Horus and Jesus in *Religulous*
I finally got a chance to see Bill Maher’s documentary Religulous. Its high entertainment value made the time fly buy, leaving me with the desire for more. Thumbs up for that.
It also made some important points, such as the fact that Christians often engage in the same kind of strained re-interpretation effort of the Bible as some Moslems do with the Qu’ran. Or that we don’t need the Ten Commandments to know that we shouldn’t go around murdering each other.
On the negative side: For a documentary, the movie has an amazingly low degree of accuracy. It starts with little things like Maher not getting the name of the last book of the Bible right (calling it “Revelations” instead of “Revelation”) and progresses to much bigger issues such as the alleged link between the Egyptian god Horus and Jesus Christ. If Religulous were to be believed, the writers of the Gospels copied all the essentials of their (fictional) Jesus from earlier Egyptian sources.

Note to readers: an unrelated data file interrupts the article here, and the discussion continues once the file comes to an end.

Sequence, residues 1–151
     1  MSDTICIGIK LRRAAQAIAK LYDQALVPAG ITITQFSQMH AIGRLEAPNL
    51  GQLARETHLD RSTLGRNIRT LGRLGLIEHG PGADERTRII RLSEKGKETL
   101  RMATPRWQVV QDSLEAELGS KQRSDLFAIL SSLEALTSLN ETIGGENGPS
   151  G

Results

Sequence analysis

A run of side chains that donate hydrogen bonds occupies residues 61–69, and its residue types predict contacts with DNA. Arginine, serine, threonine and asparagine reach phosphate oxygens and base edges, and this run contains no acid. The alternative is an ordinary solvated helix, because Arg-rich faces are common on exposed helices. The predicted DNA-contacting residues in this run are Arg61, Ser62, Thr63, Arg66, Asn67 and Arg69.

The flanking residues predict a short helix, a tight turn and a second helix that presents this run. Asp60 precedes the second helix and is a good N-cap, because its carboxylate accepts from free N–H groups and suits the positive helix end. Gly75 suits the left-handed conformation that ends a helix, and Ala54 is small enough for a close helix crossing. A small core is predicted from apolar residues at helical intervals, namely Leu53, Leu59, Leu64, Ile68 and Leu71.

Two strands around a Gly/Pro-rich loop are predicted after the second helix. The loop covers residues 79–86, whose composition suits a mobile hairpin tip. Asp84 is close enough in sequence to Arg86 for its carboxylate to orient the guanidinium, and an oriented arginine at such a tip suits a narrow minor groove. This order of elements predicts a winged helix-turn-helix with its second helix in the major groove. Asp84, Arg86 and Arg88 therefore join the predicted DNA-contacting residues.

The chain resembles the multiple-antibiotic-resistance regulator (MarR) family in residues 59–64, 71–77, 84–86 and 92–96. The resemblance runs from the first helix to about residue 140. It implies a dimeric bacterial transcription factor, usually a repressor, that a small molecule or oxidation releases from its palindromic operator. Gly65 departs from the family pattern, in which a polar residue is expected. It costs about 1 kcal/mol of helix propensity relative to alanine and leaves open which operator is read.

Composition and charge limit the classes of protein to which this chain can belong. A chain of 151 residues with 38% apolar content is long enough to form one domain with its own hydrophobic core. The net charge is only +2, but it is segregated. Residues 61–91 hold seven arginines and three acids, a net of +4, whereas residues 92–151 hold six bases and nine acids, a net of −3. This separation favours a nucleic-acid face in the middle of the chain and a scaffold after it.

But is that true? Here is what Wikipedia says about it:
As one of Ancient Egypt’s oldest gods, Horus was worshipped at least as early as the Early Dynastic Period, thousands of years before the first century CE, when Jesus was in Palestine. However, there have been many parallels drawn between the life of Jesus and the stories of Horus’ life.
Theologian Tom Harpur studied the works of authors who wrote about ancient Egyptian religion: Godfrey Higgins, Gerald Massey and Alvin Boyd Kuhn. In his book Pagan Christ, Harpur argued that all of the essential ideas of both Judaism and Christianity came primarily from Egyptian religion. Harpur noted that Massey uncovered almost two hundred instances of “immediate correspondence between the mythical Egyptian material and the allegedly historical Christian writings about Jesus”.
The 2008 documentary Religulous reiterates the alleged link between Jesus and Horus, claiming that both were born of virgins, fought the devil in the desert and healed the sick and blind. W. Ward Gasque has written that Egyptologists have rejected many of the specific claims made by Harpur and Massey as fallacious, pointing out that there is no evidence of a virgin birth for Horus, and that Harpur’s main source, Alvin Boyd Kuhn, was a Theosophist whose books are mainly self-published and that his other sources are in the main not ancient Egyptian texts but out-of-date authors.
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